The Great Ape Race – a mini ‘amazing race’ around Auckland Zoo to raise funds to help conserve orangutan in the wild, takes place on Thursday 15 November (6pm-9pm) as part of Orangutan Caring Week celebrations.
“The world is in a race to save this unique and magnificent great ape from extinction. The race is a fun and powerful way for Kiwis to help and show they care,” says the Zoo’s primate team leader, Amy Robbins.
Auckland Zoo has teamed up with Lactic Turkey Events to hold the early evening navigational race that is open to adults and children. Plenty of energy and teamwork are the only requirements, and participants are in to win great prizes. All profits from the event will go to the Auckland Zoo Conservation Fund in support of the Sumatran Orangutan Conservation Programme’s (SOCP) work – rescuing, rehabilitating and releasing orangutans and protecting habitat.
Other activities on daily at the Zoo during Orangutan Caring Week (10-18 November) include orangutan encounters at 12.30pm, story time and orangutan nest making at 10am, plus craft and other interactive activities and displays.
Celebrated annually around the world, Orangutan Caring Week has taken the theme ‘Safeguarding habitat for a secure future’ for 2012.
Illegal logging and the burning of rainforests and peat swamp forests to plant oil palm plantations in Borneo and Sumatra remains the biggest threat to the orangutan, which could be extinct in the wild by 2022 if current trends continue.
As wildlife advocates, Auckland Zoo believes the only way to save these species and habitat and slow the uncontrolled and unsustainable expansion of the palm oil industry is to reduce palm oil consumption, and therefore demand.
“Palm oil itself isn’t bad. The problem is the destruction of rainforest habitat and consequent loss of orangutans and many other rainforest species to produce it – despite deforested land being readily available to use,” says Ms Robbins.
“Taking part in The Great Ape Race to support the vital work of SOCP and, as much as you can, choosing to buy local and unprocessed foods and products that are palm oil-free are great ways to help. The Zoo has an online Palm Oil-Free Shopping Guide, containing hundreds of supermarket products to help you shop, that will also soon be available as a smartphone app,” she says.
Notes for editors:
* Orangutan Caring Week 2012 is being celebrated at Auckland Zoo from 10-18 November with a range of daily activities. Normal Zoo admission prices apply.
* The Great Ape Race, Thursday 15 November, 6pm-9pm. Cost: $25 for adults, $10 for children and $60 for a family (2 adults and 2 children or 1 adult and 3 children) – includes Zoo admission. Pre-registration required. To register and for full details, visit www.aucklandzoo.co.nz or phone (09) 360 3805. This event is to raise funds for the Auckland Zoo Conservation Fund to support the Sumatran Orangutan Conservation Programme. Refreshments and palm oil-free food will be available for purchase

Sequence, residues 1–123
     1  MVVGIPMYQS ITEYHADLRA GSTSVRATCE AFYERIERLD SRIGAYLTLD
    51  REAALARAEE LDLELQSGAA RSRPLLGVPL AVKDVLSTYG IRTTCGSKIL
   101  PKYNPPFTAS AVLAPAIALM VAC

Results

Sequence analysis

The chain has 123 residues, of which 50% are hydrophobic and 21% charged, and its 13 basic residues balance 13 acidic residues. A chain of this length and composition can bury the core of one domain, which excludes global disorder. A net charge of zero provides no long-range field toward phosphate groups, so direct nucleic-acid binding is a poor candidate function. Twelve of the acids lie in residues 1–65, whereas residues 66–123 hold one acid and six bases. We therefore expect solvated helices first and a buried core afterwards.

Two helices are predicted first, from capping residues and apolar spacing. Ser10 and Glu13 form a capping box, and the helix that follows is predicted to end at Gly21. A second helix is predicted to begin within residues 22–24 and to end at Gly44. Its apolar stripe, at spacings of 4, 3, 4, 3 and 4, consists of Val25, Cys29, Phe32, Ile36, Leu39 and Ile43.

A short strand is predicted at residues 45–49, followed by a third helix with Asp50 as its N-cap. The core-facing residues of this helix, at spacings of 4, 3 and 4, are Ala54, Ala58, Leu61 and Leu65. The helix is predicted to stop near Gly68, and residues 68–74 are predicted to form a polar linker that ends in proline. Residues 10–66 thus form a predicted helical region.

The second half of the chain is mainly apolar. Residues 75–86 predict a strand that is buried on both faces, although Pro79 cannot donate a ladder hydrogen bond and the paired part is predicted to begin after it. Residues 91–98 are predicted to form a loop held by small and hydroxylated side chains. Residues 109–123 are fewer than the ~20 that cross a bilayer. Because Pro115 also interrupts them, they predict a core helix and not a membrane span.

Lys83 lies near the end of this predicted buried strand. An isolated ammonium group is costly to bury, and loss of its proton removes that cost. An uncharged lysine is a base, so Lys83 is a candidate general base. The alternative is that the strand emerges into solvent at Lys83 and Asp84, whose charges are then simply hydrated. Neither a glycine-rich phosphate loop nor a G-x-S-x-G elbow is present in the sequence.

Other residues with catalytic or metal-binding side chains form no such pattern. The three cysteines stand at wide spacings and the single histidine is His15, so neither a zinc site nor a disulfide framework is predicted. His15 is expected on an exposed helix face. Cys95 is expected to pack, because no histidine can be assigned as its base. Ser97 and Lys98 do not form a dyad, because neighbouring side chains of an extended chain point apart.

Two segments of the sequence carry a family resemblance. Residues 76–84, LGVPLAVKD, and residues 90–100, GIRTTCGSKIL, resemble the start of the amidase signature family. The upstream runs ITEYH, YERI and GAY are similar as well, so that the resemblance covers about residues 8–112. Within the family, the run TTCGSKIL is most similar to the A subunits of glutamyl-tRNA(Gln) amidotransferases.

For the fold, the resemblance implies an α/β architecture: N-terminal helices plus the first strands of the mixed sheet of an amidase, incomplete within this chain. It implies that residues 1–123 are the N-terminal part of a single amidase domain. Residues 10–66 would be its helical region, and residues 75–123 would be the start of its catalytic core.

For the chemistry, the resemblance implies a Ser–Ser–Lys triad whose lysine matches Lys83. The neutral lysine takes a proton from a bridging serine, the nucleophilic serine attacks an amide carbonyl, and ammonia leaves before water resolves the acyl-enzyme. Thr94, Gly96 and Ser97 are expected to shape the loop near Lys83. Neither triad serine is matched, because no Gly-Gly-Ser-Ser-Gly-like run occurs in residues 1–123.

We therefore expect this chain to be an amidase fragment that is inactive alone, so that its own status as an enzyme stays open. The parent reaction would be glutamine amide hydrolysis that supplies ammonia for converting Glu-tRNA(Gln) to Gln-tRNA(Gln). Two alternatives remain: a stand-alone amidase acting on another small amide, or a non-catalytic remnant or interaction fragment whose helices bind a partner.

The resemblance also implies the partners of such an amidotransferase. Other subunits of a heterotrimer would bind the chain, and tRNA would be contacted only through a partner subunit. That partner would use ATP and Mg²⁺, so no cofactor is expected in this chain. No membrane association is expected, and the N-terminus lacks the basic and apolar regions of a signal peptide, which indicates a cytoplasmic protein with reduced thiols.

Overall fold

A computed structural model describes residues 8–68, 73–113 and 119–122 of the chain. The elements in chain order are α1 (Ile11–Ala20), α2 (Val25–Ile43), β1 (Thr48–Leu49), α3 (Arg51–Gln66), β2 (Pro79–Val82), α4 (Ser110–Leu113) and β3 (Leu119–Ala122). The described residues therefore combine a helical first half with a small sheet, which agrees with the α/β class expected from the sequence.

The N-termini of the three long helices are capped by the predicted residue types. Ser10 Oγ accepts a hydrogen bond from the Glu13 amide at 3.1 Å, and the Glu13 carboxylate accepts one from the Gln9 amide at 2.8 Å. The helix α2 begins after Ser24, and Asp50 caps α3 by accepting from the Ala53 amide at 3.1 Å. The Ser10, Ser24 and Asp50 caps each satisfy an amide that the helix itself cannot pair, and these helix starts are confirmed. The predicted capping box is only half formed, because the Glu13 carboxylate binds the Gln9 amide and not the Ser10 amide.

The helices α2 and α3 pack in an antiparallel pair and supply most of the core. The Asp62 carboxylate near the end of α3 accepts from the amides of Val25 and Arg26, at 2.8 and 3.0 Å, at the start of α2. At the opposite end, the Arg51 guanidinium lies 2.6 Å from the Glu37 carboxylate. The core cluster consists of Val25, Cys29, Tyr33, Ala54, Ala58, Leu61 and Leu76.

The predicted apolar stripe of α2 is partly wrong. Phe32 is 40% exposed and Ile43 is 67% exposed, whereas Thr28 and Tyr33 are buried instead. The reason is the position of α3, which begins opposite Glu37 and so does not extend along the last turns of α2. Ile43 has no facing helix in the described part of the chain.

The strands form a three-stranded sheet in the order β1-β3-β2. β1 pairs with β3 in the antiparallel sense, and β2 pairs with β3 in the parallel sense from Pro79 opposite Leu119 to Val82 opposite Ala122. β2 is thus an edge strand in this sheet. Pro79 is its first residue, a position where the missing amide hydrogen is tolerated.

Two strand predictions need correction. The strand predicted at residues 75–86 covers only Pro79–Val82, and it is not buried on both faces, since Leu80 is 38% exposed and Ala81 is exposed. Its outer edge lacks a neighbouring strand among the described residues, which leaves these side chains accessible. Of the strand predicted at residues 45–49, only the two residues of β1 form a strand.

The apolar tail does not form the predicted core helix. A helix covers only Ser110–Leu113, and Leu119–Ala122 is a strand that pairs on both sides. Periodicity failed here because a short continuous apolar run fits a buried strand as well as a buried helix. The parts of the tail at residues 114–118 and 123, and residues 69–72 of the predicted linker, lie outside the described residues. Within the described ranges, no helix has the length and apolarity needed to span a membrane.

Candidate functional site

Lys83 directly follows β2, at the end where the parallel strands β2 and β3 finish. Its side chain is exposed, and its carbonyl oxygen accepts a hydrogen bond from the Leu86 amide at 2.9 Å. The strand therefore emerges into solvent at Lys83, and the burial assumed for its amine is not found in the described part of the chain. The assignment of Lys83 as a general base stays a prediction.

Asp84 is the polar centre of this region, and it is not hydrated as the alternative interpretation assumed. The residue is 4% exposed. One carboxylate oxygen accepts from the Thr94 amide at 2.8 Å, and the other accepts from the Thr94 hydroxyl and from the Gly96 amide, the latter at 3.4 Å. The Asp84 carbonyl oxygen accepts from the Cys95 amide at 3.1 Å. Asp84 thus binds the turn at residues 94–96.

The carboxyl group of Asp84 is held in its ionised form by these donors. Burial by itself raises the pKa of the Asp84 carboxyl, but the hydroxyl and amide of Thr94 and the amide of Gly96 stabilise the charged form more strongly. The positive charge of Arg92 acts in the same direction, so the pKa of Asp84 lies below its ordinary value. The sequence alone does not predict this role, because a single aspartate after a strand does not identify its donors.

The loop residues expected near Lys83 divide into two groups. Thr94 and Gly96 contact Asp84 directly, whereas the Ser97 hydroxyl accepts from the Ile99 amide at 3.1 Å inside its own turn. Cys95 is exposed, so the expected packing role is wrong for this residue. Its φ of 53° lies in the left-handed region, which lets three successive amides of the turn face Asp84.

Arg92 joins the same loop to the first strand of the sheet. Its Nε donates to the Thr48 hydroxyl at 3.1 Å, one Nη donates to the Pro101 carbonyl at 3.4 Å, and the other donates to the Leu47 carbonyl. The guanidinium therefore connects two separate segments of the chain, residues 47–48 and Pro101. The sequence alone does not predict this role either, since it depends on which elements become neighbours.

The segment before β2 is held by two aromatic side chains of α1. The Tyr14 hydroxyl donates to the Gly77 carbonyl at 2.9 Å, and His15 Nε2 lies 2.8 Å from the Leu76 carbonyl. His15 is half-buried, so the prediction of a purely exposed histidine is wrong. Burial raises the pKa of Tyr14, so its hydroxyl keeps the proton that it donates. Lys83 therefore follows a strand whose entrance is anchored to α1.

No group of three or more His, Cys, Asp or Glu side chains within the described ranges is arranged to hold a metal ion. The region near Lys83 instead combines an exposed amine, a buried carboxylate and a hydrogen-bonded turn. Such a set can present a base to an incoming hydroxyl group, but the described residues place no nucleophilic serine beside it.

* The orangutan is the largest tree-dwelling animal on Earth. 97.4% genetically similar to humans, it is the only great ape from Asia. Its home range is restricted to the islands of Borneo and Sumatra.
* The biggest threat to the survival of the orangutan is illegal deforestation of its rainforest habitat, primarily to make way for oil palm plantations and logging by the paper industry, as well as the illegal pet trade.
* Indonesia alone converts 3,400km2 (340,000 ha) of forest annually – that’s 54 rugby fields every hour. At this current rate of deforestation, the Sumatran orangutan could be extinct in the wild as early as 2015.
* In northern Sumatra’s officially protected Leuser Ecosystem, including Tripa peat swamp forest (home to the world’s highest density of orangutans), illegal logging and fires have decimated 90% of the population, which has plummeted from 2000 in 1990 to an estimated 200 today. The Sumatran Orangutan Conservation Programme (SOCP) warns that if deforesting of this area does not stop now, this local population could all be gone by 2013.
* SOCP is working hard to ensure this great ape’s future. View an 18 October NBC interview with SOCP director, Ian Singleton, in northern Sumatra
* Palm oil is the world’s most widely produced vegetable oil, and is in at least one in 10 supermarket products, including food, cosmetic, bath and cleaning products. 90% of its production comes from Indonesia and Malaysia
* In New Zealand, there’s currently no legal requirement to label palm oil or its derivatives, making it difficult to know whether or not you are consuming it. Use Auckland Zoo’s online Palm Oil-Free Shopping Guide, soon to be available as an app. Visit www.aucklandzoo.co.nz